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Details revealed in unsolved murder

Porter Ranch man killed at his Christmas party in Stevenson Ranch in 2009 considered assassinated

Posted: December 10, 2012 2:00 a.m.
Updated: December 10, 2012 2:00 a.m.

This Dec. 22, 2009 photo shows Los Angeles County Sheriff's Department detectives at Nabil Tawab's house the night he was murdered. Reports say he was reaching into his car when he was shot in the head and back.

A Porter Ranch man shot and killed at his Christmas party in Stevenson Ranch three years ago was assassinated, according to the detective investigating the unsolved murder.

As the third anniversary in the slaying of 39-year-old Nabil Tawab approaches, Homicide Detective Peter Heck of the Los Angeles County Sheriff’s Department is hoping news of the case will generate new leads.

Heck revealed details about the slaying — some for the first time — to The Signal this past week.
“We’re still pretty much where we were three years ago,” he said. “And, I’ve killed a tree in paperwork done on this case.”

Ruled out as motives in the case are robbery and a random attack, he said.

“It looks like a professional hit,” he said.

Christmas party

On Dec. 22, 2009, Tawab was throwing a Christmas party at his office on The Old Road, just south of Valencia Boulevard, at the Westridge Executive Plaza office complex.

Shortly before 6:40 p.m., he went outside to have a cigarette, said Heck.

“He told people at the party he was going outside for a smoke,” he said. “And, as he opened his car on the driver’s side and was reaching in to get the cigarettes from the center console, the killer fired several shots.”

Tawab was shot in the back of the head and in the body.

The killer fired three shots at close range.

“We’re still looking for that killer,” Heck said.

At 6:40 p.m., deputies of the Santa Clarita Valley Sheriff’s Station responded to an incident reported as an assault with a deadly weapon.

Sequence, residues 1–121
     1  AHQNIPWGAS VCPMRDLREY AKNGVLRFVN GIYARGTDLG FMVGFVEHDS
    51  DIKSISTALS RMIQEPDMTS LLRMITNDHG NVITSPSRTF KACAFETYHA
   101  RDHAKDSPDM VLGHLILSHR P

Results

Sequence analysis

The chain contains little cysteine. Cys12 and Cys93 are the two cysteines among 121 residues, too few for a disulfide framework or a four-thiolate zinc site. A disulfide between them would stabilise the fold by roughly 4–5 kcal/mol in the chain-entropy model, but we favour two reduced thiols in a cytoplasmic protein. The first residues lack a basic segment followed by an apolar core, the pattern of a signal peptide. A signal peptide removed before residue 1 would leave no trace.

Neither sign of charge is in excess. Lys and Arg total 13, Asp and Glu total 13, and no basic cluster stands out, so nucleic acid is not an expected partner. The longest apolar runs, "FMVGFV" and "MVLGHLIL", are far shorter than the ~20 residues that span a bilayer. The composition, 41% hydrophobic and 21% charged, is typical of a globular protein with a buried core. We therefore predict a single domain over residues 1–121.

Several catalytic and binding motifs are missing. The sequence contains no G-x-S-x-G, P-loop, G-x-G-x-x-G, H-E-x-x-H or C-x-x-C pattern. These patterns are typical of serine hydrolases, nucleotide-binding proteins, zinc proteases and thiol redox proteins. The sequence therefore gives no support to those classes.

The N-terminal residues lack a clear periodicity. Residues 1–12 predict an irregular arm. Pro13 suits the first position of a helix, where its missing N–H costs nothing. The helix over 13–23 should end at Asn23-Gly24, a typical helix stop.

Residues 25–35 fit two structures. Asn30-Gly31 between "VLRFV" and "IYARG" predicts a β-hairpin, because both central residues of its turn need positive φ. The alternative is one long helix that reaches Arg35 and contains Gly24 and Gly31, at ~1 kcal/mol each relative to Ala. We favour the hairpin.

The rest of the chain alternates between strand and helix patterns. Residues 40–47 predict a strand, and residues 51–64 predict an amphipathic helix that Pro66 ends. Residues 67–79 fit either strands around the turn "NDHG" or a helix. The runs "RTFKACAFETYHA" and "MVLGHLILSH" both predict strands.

They found Tawab, on the ground “suffering from a gunshot wound,” according to a news release issued a short time later by the sheriff’s Homicide Bureau.

At 7:17 p.m., Tawab was pronounced dead at Henry Mayo Newhall Memorial Hospital, according records at the Los Angeles County Coroner’s Department.

“We had two witnesses,” Heck said. “One person saw a vehicle speeding away.

“Then, we had people across the street who heard shots and then heard a motorcycle exiting the parking lot,” he said. “They said they definitely saw a guy on a motorcycle wearing a full face helmet speed away.”

Believing they had the events nailed down leading up to the shooting, detectives worked with television producers to create a Crimestoppers episode called simply, the Nabil Tawab Murder, in which “it shows a guy on a motorcycle walking up the victim, then reach inside the car to shoot him.”

The killer had easy access to Interstate 5, just around the corner from The Old Road.

Leads in the case have since dried up, Heck said.

Robbery not a motive

Tawab’s life before the murder was not without controversy and conflict, Heck said.

“We did have a lot of different communities to investigate and different (law enforcement) agencies to look at for suspects,” Heck said.

Detectives ruled out robbery when they found the victim’s wallet inside the car and “expensive jewelry” inside his BMW left at the scene.

They also ruled out the possibility the shooting was a random act of violence given the killer exploited a very short window of opportunity in which to shoot Tawab.

When tragedy struck, Tawab was in a period of transition, both professionally and personally.

The father of two was going through a divorce, according to Heck.

A woman named Claudia Jawher, who planned to marry Tawab after the divorce, told The Signal this week: “He and I were coming from divorces, together we had five children.

“He was killed two months before we were to be married.”

Claudia said she hopes news of the murder on the eve of its third anniversary prompts a lead that leads to an arrest.

“It’s been very difficult for everyone,” she told The Signal.

Business dealings

While divorce proceedings were unfolding, Tawab’s credit company was in also constant state of flux.

Tawab ran a credit repair company called Credit Expert Group, Inc.

It was the third such company he initiated.

According to one online comment left on a consumer website, Tawab’s company changed its name several times from The Credit Repair Advisors Program, Inc, to The Credit Advisor, Inc, and The Credit Advisors Program, Inc.

“Beware of this company,” the commenter advised.

Tawab also worked as a jeweler, Heck said.

A representative of a neighboring company at the Westridge Executive Plaza told reporters at the time of the shooting that Tawab had recently become a tenant there.

Tawab, whom detectives identified as of Egyptian descent and a resident of Porter Ranch, made regular business visits overseas, Heck said.

Anyone with information about this murder is asked to call detectives at the sheriff’s Homicide Bureau at 323-890-5500.




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